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Attention Do-It-Yourselfers:cv Read Those Oil Labels

by Susan Christophersen

First it was pumping our own gas, next it was checking our own oil. Now women are browsing automotive departments for brands and types of motor oil. In fact, in households that fix their own cars, one-third of the mechanics are women, according to the Automotive Aftermarket Industry Association.

As with most do-it-yourself projects, materials are important. Like shopping for food and medicine, it helps to know how to read the label. The Society of Automotive Engineers (SAE) and the American Petroleum Institute (API) have established several classifications that defines the characteristics of engine oil. These are shown in the donut shaped logo on the oil container label.

Performance Ratings
The API classification is a two-letter code that defines the oil performance characteristics under different engine speeds and loads, as well as temperature. The letter “S” is for gasoline powered engines and the letter “C” is for diesel powered engines. The second letter indicates the application. Only SL, designated for all automotive engines and SJ, for 2001 and older engines, currently are used.

Viscosity
The SAE classification indicates the oil viscosity and is referenced by a number that appears in the center of the donut shaped logo. The higher the number, the thicker the oil. Thick oil has a high resistance to flow, which means a high viscosity. Oil classified with a “W,” like 5W or 10W for example, indicate the viscosity rating applies at subfreezing temperatures and are generally used for winter conditions. A number rating without the “W” means that the viscosity rating applies at 212°F.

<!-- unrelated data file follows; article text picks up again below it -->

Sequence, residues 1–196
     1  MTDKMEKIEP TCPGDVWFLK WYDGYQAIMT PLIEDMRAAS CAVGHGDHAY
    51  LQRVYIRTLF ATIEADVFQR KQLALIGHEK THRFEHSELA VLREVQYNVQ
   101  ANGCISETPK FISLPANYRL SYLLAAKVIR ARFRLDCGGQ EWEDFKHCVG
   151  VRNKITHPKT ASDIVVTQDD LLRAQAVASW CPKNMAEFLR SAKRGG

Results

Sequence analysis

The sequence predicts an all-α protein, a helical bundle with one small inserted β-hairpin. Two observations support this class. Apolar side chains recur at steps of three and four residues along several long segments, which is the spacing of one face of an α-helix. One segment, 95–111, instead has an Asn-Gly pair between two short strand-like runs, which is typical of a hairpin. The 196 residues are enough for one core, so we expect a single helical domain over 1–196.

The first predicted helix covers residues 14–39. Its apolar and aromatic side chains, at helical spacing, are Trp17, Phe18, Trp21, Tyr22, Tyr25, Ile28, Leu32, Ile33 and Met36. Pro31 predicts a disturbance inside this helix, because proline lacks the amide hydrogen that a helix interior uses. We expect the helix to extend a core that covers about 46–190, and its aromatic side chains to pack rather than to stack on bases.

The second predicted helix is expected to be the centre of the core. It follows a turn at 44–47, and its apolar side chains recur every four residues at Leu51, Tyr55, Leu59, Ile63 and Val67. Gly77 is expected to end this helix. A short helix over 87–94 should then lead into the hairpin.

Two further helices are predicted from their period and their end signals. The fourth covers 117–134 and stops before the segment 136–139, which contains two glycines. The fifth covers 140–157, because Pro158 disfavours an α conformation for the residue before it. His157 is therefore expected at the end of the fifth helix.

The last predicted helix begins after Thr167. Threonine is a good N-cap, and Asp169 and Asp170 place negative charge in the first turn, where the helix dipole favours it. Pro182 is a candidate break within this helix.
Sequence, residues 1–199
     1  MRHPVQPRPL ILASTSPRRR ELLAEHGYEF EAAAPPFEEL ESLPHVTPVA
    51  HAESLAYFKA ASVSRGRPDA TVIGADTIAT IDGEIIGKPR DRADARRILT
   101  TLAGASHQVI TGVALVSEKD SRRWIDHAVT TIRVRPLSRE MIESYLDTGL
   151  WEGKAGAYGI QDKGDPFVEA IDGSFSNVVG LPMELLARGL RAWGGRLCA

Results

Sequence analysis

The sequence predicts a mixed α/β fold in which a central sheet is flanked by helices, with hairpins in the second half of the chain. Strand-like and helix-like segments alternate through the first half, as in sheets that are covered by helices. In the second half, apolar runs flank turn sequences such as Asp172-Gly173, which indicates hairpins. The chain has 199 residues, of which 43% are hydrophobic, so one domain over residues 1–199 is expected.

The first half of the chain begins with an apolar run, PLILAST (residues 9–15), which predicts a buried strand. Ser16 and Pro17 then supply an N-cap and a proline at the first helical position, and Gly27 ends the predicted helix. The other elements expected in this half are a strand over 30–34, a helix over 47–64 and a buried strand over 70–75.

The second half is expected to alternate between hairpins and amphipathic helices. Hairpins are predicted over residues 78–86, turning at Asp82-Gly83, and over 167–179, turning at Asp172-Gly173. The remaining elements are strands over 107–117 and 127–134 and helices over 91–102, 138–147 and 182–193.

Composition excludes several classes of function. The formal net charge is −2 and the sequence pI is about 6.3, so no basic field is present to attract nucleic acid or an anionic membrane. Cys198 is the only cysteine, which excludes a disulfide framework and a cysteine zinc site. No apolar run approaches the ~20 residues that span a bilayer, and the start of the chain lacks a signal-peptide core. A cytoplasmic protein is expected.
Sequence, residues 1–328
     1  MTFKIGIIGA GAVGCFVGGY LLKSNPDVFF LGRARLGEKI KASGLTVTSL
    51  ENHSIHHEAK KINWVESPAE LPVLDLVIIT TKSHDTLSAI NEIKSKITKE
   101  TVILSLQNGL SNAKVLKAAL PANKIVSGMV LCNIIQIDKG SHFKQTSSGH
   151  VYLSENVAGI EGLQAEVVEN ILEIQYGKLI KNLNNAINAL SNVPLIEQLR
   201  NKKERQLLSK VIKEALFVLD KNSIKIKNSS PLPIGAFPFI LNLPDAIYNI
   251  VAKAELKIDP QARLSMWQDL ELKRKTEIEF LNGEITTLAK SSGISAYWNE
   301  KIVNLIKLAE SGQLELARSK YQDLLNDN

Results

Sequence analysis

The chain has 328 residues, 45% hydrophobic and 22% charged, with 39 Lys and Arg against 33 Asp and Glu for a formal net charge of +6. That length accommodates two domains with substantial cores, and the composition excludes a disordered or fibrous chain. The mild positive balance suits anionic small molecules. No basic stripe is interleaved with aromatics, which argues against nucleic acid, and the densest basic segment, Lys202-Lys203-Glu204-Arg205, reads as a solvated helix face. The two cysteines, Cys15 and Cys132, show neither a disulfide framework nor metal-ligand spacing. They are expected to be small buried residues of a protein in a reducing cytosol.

The problem with single grade oil is that the W oils tend to thin out too much in warmer weather and the non-W numbers tend to thicken too much in colder weather. Single grade oils are generally meant for one temperature only and require an oil change with each change of season. That is why most vehicles today call for a multi-grade oil like 5W-30 or 10W-40. These oils have suitable flow properties at both ends of the temperature spectrum, no matter what the season.

Fuel Economy Rating
The third part of the label classification is the “Energy Conservation” term. Oils are rated on their ability to reduce the amount of fuel consumed during driving. Those that are at least 1.5% better than a standard reference oil are rated as Energy Conserving. If the oil is at least 2.7% better, it will be labeled as Energy Conserving II. Oils with this classification are designed to reduce internal engine friction and improve fuel economy.

Synthetic Oils
There are many synthetic oils on the market today and a lot of advertising to promote them. They tend to wear longer and may perform better in extreme conditions. They are also slightly more expensive. Using synthetic oil certainly isn’t harmful, but it may not provide any significant benefit.

Follow the vehicle manufacturer’s recommendations. Change your oil according to the maintenance schedule and always replace the filter when changing oil.

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